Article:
Singapore bolsters security over terrorist threat

Singapore raised its security alert and bolstered its defenses Friday after receiving information of a terrorist plot to attack vessels off the coast of the city-state in one of the world's busiest shipping lanes, a Cabinet minister said.

Malaysia and Indonesia have also stepped up maritime and air patrols in the Malacca Strait, where millions of barrels of oil pass daily. Singapore's navy warned Thursday that a terrorist group was planning attacks on oil tankers and other vessels but provided no details.

"All alert levels have been raised," Home Affairs Minister Wong Kan Seng told Parliament, saying that the government has increased security at border crossings, airports, sea ports and at high-risk targets such as two new casino resorts.

Wong did not say which terrorist group was planning the reported attack.

"We received intelligence from our liaison partners about this possible plot to go and attack vessels coming through Singapore waters through the Malacca Strait," Wong said. "As a result, the various security agencies have been working very closely with one another."

A Singapore-based terrorism expert said al-Qaida and the Southeast Asian militant group Jamaah Islamiyah - blamed for twin bombings last year on hotels in Jakarta - would be the most likely to carry out such an attack.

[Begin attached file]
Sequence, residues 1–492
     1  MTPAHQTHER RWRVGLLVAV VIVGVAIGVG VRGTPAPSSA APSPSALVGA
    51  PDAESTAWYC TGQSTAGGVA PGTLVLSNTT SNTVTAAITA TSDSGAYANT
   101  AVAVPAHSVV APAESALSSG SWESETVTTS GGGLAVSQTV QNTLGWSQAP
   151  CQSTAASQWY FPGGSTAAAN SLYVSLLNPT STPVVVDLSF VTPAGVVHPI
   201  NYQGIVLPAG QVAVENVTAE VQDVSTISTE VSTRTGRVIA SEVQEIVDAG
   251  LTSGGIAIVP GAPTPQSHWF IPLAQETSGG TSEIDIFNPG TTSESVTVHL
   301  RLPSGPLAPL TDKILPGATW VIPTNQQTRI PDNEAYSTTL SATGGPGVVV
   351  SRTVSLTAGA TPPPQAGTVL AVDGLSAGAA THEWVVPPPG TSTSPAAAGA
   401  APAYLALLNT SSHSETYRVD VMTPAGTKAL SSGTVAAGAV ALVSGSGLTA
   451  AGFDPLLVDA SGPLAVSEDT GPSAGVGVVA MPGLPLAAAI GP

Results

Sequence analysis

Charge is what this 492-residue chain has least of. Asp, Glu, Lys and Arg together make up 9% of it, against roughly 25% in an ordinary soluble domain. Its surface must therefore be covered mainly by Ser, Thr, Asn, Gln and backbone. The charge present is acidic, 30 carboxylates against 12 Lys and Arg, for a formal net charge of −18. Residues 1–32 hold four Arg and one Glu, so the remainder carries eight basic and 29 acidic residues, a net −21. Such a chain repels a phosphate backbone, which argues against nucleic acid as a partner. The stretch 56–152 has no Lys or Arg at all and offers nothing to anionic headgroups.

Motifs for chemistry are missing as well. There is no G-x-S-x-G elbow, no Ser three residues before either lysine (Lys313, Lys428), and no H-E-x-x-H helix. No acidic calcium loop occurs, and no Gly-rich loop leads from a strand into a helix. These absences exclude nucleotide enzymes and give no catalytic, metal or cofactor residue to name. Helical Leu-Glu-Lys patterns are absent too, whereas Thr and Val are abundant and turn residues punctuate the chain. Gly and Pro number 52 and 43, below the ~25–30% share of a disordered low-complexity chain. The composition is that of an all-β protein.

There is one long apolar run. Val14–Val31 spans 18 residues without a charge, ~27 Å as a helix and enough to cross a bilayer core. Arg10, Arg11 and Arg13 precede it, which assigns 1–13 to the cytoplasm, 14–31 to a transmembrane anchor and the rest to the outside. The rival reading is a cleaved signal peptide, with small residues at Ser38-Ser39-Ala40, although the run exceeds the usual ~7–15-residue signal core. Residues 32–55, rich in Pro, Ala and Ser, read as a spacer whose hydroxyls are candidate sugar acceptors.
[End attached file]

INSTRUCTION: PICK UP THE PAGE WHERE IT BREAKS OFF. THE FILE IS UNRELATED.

"Certainly we know that in the past al-Qaida has had not only the intentions, but the capabilities to operate in the maritime environment," said John Harrison, assistant professor at the S. Rajaratnam School of International Studies.

Suspected JI operatives have been previously been arrested in Singapore.

Also Friday, Indonesia's police chief Gen. Bambang Hendarso Danuri said authorities were investigating whether 14 suspected Islamic militants captured in a raid in Aceh province the previous day were linked to the threat.

The raid came amid a police crackdown on militants in Aceh suspected of ties to Jamaah Islamiyah. Indonesia's President Susilo Bambang Yudhoyono said Friday the group had set up in the western province believing that Indonesian security forces had lost interest in Aceh since a violent separatist movement ended in 2005.

Indonesian police have blamed JI for suicide bombings of the J.W. Marriott and Ritz Carlton hotels in Jakarta in July 2009 that killed seven people and bombings on the island of Bali in 2002 that killed 202 people.

Harrison said Singapore's warning likely reflects a credible threat.